For starters, Did you know that Sweden has a Kingdom? chances are, you do, but you sure didn’t know that the word “SWEDEN” means Kingdom itself.
Now come to the language, if as a child you learnt from your parents to say please before asking anything to anyone, this one will literally amaze you.
There is no way to say please in Swedish. Yes, it’s true, there is no way to be polite in Swedish other than saying “Tack” which means thank you.
If you ever learn to speak Swedish, you’ll most likely understand Danish and Norwegian. This is because Sweden is geographically close to both Norway and Denmark and the languages are pretty similar. So that’s definitely a three in one if you start a Swedish language course.
Swedish Language Facts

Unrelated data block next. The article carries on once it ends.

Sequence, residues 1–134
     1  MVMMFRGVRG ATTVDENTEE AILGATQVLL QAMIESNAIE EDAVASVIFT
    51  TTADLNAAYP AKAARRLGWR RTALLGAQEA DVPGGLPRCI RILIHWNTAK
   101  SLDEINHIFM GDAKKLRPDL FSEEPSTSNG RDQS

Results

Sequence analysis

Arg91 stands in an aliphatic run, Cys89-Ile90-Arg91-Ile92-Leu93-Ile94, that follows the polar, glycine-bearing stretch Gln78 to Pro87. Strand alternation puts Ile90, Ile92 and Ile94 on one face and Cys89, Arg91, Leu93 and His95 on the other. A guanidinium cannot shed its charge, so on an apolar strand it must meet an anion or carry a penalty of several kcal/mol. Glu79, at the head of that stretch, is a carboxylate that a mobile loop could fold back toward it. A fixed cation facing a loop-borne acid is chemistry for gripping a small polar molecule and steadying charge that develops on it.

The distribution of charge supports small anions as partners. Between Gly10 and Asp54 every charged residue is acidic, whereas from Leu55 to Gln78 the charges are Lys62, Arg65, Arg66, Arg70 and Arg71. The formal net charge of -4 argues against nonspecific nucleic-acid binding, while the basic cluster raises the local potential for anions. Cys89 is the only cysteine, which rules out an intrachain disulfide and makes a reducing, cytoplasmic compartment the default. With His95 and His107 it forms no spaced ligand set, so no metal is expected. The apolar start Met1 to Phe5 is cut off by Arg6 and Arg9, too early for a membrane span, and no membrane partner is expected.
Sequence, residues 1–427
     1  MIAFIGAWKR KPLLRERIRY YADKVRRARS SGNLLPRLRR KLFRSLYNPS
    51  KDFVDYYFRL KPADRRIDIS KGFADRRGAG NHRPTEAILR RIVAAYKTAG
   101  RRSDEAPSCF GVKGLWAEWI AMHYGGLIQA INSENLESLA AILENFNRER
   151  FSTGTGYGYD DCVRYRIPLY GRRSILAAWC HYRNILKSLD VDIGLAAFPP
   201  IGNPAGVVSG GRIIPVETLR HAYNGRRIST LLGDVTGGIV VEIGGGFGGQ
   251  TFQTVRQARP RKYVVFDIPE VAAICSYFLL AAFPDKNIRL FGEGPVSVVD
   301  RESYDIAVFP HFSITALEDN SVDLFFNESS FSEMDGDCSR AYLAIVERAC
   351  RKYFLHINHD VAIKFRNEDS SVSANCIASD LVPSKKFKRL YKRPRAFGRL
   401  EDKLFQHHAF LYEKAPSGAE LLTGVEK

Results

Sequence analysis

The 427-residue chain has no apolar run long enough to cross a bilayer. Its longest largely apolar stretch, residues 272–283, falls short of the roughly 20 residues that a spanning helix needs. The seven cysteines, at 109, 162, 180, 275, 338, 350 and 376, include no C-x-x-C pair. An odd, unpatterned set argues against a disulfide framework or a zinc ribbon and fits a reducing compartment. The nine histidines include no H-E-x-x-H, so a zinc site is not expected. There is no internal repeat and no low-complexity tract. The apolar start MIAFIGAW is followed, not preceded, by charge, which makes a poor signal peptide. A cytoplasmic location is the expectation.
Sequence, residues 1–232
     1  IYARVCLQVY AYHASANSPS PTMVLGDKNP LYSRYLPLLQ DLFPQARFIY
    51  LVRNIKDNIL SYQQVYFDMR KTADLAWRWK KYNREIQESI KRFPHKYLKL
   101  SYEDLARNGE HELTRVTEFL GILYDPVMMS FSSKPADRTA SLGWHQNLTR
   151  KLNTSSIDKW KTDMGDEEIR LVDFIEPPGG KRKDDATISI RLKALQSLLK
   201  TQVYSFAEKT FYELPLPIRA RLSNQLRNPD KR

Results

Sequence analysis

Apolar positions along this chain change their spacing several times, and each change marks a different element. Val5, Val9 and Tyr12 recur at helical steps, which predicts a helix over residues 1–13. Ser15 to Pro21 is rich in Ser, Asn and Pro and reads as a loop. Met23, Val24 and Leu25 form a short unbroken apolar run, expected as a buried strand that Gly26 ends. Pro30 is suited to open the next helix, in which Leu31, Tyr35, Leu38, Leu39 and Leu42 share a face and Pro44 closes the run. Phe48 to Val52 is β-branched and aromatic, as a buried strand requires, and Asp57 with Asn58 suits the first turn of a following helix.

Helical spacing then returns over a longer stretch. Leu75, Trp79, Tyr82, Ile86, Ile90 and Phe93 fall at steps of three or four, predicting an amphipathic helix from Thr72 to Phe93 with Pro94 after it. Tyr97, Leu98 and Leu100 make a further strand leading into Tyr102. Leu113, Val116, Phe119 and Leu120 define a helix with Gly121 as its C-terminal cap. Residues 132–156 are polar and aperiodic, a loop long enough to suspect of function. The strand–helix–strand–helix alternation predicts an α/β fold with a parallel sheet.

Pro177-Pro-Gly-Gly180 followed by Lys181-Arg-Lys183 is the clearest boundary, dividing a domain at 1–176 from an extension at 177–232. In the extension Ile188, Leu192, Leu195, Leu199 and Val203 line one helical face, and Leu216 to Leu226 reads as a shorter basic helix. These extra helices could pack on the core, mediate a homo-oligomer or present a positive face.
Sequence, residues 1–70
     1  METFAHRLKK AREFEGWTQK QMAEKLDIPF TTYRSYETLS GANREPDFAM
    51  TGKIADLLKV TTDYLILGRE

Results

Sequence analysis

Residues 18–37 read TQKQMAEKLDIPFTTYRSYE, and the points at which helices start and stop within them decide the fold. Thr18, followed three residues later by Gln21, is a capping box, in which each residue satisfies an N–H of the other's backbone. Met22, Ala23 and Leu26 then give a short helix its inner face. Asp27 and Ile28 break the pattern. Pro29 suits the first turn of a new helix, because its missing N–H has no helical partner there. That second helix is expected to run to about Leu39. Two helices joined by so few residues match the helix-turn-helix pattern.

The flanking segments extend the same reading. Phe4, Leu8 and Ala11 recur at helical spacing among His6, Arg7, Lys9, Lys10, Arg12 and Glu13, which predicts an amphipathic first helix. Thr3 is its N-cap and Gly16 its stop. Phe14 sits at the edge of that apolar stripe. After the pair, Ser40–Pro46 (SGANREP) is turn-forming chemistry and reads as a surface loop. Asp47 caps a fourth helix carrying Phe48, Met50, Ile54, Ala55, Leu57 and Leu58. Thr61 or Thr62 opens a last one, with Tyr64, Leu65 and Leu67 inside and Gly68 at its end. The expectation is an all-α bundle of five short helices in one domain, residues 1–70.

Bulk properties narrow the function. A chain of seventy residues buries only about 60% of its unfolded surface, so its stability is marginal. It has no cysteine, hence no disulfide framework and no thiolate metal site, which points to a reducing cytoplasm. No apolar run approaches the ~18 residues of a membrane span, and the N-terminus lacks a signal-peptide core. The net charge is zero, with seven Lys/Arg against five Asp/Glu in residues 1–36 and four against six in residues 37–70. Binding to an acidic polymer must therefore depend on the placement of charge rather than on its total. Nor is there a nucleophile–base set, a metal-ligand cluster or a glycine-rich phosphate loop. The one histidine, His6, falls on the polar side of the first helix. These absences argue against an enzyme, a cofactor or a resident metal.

Sweden, Norwegian, and Denmark are close geographically, and their languages are similar, aswell. Swedish differentiates between your grandfather on your mother’s and your father’s side. Your father’s father is your farfar, which translates to “father father.” Your mother’s father is morfar, which means “mother father.” Of course, the same rule implements for grandmothers, too. More words in Swedish begin with “S” than any other letter. Like English, very fewer words start with “Q” and “X,” which is good to know if you’re thinking about testing your Swedish friends to a game of Scrabble. Many Swedish words formed it into the English language. Examples of Swedish loanwords carry gravlax (a Nordic dish), moped (composed of motor” and “pedal,” this word applies to a motorcycle), ombudsman (a public advocate), orienteering (sports using navigational abilities), rutabaga (a root vegetable). According to the Swedish Academy, Swedish’s longest word is realisationsvinstbeskattning. It means “capital gains tax.”